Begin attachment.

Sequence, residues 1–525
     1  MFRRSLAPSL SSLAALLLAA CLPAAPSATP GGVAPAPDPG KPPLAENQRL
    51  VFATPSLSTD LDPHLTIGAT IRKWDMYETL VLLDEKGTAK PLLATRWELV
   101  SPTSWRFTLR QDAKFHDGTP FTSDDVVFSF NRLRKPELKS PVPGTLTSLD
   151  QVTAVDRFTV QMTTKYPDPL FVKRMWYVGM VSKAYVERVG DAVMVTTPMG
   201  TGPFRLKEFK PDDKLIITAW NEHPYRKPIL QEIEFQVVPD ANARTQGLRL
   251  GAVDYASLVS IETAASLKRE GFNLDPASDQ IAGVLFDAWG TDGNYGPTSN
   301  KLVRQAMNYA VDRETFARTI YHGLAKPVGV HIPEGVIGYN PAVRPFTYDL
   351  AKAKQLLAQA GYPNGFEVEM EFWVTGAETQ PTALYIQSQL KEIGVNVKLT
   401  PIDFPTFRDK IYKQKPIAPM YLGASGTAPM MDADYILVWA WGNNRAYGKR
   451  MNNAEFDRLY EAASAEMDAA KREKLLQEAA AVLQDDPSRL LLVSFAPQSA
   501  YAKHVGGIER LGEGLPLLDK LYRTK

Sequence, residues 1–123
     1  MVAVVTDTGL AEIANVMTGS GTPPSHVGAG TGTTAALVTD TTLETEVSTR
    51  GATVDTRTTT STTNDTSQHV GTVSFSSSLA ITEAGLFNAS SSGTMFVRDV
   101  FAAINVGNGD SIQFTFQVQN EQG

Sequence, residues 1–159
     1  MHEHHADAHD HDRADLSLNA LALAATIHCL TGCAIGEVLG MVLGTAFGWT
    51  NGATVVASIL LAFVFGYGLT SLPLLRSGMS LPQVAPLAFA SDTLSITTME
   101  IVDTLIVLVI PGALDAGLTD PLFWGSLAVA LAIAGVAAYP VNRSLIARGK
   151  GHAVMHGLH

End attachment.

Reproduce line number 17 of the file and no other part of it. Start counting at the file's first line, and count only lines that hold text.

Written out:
Sequence, residues 1–159